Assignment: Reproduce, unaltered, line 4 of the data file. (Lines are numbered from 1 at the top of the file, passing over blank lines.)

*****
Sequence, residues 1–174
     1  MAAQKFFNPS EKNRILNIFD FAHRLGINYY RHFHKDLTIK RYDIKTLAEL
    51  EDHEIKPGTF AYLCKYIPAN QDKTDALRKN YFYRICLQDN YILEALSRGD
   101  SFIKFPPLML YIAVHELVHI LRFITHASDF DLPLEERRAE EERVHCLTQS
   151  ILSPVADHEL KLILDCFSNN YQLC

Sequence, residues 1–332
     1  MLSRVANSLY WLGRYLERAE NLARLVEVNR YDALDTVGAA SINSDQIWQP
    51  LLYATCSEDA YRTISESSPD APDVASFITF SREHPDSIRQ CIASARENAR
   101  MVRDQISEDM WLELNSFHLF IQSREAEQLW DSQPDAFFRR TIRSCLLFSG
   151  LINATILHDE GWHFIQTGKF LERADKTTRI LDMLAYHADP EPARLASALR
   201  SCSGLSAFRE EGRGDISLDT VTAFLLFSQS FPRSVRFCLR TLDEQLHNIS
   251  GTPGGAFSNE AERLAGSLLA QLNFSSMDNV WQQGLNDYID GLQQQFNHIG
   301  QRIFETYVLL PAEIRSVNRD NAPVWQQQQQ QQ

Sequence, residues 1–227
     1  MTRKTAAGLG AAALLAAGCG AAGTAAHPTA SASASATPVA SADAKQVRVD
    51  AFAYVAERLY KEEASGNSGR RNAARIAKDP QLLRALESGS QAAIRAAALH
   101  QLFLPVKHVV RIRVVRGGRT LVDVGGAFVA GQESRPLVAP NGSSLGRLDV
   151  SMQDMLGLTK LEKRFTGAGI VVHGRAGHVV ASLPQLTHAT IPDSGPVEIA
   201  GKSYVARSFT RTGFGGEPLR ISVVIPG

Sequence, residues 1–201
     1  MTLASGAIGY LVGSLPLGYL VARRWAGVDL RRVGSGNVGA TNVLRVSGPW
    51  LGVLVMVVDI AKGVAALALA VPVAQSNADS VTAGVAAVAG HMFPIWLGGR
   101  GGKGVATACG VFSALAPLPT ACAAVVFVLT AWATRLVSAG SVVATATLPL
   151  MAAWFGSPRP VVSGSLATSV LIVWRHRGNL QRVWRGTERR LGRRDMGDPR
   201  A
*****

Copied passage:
   101  SFIKFPPLML YIAVHELVHI LRFITHASDF DLPLEERRAE EERVHCLTQS